The Press

Charity plan to offer data to ‘torture regimes’


BRITAIN: Tony Blair’s charities are proposing to gather intelligen­ce on Muslim communitie­s in Africa for regimes accused of human rights abuses, documents leaked to The Sunday Times reveal.

According to a plan commission­ed by Jim Murphy, the former Scottish Labour leader who is understood to be paid more than £200,000 a year to advise Blair, the charities would offer to collect ‘‘highqualit­y data’’ on mosques and schools in African nations under the banner of ‘‘countering extremism’’.

The scheme would exploit ties that Blair has built with African leaders and, according to the documents, strengthen his charities’ collaborat­ion with African regimes to combat Islamist ideology.

It will be seen as an attempt by Blair to be at the forefront of the global campaign against extremism, but it has caused division and dismay among some of Blair’s staff who are concerned it could backfire.

An insider at Blair’s Africa Governance Initiative (AGI) said: ‘‘The kind of governance we should be involved in is to separate religion and state, whereas this proposal will encourage government­s to effectivel­y spy on religious institutio­ns.’’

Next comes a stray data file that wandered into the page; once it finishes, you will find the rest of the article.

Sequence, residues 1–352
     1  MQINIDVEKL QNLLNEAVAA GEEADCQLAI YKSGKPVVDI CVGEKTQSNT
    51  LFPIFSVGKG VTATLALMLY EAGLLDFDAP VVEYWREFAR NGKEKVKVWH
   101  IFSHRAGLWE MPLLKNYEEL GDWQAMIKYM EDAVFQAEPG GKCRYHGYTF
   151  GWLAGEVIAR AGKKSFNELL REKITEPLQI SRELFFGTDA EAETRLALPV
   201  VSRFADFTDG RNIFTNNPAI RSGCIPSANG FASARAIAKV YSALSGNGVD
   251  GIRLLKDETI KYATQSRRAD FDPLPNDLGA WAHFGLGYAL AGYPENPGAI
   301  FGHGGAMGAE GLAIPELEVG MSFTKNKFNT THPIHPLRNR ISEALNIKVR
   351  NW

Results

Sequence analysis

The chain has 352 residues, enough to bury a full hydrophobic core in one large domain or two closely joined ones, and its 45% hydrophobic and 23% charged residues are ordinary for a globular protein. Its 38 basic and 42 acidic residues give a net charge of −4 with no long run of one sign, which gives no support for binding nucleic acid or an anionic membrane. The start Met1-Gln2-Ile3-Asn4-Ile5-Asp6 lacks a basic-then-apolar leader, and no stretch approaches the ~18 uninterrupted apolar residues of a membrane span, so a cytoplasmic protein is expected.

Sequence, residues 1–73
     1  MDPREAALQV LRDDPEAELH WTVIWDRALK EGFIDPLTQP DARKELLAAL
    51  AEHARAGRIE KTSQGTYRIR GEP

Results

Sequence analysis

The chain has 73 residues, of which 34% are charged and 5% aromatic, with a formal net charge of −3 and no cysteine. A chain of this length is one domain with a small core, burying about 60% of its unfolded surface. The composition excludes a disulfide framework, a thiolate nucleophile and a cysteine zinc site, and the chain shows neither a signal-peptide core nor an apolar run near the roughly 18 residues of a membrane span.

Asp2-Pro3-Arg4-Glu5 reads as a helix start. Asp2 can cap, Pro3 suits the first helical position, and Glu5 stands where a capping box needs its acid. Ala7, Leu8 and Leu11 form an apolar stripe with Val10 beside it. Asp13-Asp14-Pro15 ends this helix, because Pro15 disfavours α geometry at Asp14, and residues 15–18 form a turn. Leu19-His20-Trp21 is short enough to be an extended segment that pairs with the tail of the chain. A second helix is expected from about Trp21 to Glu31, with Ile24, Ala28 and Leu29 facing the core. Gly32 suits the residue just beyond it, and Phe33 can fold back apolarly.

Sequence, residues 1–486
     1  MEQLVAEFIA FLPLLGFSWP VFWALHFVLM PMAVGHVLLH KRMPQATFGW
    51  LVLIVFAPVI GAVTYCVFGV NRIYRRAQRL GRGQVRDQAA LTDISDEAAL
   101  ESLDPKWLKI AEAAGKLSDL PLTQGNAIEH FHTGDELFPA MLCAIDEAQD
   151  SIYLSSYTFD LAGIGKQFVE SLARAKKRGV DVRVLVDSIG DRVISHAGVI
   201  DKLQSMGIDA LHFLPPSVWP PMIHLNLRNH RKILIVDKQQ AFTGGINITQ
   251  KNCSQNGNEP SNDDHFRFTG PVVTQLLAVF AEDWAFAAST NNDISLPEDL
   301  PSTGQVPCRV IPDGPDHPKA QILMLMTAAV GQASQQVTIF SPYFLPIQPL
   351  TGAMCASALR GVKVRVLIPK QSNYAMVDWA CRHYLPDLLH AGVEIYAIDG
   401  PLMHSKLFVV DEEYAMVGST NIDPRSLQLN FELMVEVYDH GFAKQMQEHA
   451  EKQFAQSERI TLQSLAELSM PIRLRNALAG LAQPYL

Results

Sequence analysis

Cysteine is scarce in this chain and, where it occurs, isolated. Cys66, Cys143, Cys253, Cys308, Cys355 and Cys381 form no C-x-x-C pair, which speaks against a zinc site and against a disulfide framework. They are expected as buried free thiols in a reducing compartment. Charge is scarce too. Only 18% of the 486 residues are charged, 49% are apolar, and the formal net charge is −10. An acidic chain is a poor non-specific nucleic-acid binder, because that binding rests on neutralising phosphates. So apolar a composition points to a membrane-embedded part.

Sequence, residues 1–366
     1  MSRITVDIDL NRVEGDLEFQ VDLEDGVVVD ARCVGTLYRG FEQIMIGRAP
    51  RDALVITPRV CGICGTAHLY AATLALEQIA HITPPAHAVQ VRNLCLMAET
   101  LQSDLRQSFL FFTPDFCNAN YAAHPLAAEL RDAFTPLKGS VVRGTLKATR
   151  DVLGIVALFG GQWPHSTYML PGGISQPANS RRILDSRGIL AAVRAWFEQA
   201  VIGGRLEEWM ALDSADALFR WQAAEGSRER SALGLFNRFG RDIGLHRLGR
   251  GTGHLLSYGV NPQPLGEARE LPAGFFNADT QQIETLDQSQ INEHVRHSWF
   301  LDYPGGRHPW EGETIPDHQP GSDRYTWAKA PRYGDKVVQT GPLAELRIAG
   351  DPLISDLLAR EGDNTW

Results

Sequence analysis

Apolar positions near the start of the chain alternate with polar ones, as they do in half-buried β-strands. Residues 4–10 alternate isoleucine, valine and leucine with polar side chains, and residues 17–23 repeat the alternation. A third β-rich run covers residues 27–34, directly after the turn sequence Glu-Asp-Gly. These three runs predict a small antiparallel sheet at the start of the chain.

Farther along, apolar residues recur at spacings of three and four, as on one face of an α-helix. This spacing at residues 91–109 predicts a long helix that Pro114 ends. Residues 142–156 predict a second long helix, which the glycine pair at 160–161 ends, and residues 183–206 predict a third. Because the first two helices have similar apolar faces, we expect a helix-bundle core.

Another AGI source said: ‘‘This proposal is dangerous because it limits religious freedom in regimes known for failing to distinguis­h between Muslims who are genuine terrorism suspects and those who are rounded up simply for being outspoken.

‘‘As soon as you give dictatoria­l states control over religious institutio­ns, they will start to exploit them.’’

A spokeswoma­n confirmed there was a proposal to help government­s ‘‘collect publicly available data’’ but said that it did not involve personal data and Blair had not seen or discussed the plan.

A 30-page document suggests initially targeting Nigeria, Mali, Niger, Benin and Ivory Coast. Some of the countries listed as potential partners have been accused of human rights abuses. According to a report this year by the campaign group Human Rights Watch, the security services in Ivory Coast have been responsibl­e for the ‘‘mistreatme­nt and torture of detainees’’. It accused Mali of ‘‘violations against suspected supporters and members of Islamist armed groups’’.

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